For example, on the Atrium Heath Cabarrus Sanger Heart and Vascular Institute addition in Concord, North Carolina, the team’s concern for the occupants in the adjacent department led them to preemptively move the fresh air intakes of the hospital’s air handling units to an elevated location, avoiding the intrusion of dust, dirt and fumes.
For renovations and additions, Goodin and his teams think of barrier walls not just as a separation between occupied space and construction space, but also as an opportunity to dampen noise and block distractions so others won’t be disturbed by building activities.

A sure way to cause a disturbance is to accidentally cut utility service. Accurately identifying existing utility runs – including using ground-penetrating radar and other tools to validate existing plans and maps – can prevent unplanned interruptions.

Step Two: Building Relationships

construction workersGoodin starts each project by considering this question: “What is the most efficient way to flow construction and finish the building as quickly as possible with minimal interruptions?” Answering that question includes getting to know the people who will be most affected by the construction.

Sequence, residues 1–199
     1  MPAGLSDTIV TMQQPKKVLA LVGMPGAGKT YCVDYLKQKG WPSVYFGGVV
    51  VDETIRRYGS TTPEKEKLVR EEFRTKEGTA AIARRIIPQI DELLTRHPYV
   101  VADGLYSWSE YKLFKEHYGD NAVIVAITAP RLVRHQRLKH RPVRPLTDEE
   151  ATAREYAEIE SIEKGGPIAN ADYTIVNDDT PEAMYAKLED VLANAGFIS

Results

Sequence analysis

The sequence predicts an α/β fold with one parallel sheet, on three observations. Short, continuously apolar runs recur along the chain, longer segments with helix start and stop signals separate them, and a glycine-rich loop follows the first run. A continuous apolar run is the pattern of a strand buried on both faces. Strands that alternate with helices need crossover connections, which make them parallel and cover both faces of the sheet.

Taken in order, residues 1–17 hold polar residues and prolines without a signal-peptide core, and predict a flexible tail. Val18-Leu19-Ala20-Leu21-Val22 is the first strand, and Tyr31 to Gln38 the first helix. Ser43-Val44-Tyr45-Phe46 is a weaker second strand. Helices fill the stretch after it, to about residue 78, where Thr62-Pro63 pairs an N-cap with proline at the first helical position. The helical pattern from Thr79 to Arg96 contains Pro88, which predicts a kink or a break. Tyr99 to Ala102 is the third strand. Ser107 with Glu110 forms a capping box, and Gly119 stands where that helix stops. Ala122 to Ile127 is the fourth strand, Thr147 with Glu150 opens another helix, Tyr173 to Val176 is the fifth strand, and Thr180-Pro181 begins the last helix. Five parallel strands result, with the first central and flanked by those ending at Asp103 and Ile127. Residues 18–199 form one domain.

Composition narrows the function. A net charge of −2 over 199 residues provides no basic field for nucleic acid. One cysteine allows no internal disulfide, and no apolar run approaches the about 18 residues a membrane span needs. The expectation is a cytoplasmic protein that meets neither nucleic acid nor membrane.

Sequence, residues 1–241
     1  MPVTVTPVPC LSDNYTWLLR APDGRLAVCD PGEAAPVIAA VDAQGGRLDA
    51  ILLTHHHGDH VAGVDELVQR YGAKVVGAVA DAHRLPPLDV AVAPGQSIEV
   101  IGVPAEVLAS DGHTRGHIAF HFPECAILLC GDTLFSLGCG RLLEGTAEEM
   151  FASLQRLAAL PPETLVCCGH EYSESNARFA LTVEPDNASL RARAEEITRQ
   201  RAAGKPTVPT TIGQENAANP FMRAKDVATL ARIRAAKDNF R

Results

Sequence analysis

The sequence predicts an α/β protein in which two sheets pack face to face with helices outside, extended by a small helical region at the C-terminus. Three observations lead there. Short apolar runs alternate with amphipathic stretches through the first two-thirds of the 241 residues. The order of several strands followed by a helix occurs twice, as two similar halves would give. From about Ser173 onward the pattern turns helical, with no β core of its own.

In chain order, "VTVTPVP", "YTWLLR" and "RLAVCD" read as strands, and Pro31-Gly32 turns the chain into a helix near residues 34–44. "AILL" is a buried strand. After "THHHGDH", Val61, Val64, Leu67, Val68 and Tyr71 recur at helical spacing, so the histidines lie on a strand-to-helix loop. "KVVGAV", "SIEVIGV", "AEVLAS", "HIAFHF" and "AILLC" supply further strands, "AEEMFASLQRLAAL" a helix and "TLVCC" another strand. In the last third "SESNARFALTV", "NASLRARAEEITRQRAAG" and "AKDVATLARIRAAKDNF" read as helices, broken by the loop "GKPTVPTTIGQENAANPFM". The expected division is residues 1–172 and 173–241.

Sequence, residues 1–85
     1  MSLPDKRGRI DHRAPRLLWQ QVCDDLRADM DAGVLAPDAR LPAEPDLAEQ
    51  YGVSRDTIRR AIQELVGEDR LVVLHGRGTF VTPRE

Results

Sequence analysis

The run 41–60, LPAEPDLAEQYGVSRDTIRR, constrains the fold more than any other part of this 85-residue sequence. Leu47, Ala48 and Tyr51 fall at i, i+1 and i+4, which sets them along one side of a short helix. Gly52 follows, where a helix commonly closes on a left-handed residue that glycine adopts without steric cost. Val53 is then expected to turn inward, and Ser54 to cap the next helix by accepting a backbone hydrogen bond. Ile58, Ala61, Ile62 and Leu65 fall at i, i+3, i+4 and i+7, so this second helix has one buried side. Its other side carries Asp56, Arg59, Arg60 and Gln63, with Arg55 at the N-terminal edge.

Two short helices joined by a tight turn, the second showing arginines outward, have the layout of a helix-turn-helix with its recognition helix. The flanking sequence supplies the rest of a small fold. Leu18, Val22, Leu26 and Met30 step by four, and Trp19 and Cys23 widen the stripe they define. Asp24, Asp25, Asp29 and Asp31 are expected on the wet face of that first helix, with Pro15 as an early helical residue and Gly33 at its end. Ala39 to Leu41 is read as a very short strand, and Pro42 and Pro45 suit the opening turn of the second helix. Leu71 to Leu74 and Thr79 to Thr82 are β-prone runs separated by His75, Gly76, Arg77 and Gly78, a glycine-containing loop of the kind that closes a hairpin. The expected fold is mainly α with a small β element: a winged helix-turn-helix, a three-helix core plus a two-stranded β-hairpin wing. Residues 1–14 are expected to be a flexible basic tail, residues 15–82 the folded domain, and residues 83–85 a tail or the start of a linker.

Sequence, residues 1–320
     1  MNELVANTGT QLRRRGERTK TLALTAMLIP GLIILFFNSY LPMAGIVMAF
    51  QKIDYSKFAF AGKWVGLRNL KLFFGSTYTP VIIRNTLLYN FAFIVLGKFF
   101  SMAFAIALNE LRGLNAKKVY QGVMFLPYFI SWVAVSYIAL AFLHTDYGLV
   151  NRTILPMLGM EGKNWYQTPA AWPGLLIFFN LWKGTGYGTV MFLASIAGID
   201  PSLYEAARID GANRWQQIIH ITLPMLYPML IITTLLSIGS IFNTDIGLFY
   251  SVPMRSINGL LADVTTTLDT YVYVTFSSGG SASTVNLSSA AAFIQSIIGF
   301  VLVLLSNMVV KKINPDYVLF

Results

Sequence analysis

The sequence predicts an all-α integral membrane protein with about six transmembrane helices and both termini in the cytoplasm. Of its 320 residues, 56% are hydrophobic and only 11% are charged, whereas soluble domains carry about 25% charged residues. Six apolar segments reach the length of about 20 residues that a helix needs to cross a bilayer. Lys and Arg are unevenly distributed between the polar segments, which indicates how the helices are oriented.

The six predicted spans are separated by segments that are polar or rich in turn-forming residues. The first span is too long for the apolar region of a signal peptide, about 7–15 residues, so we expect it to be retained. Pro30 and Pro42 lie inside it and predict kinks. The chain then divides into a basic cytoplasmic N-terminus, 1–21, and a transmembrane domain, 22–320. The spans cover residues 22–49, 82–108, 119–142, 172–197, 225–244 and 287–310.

Depending upon the project, the Robins & Morton team meets with user groups and the architect to determine if construction should be phased to further minimize operational impact.

“Phasing is particularly important for hospitals in communities with fewer healthcare options,” said Goodin. “For example, we renovated Atrium Health’s Mariam Cannon Hayes Family Center in Concord, North Carolina, several rooms at a time to help the hospital continue providing critical maternity care for the community.”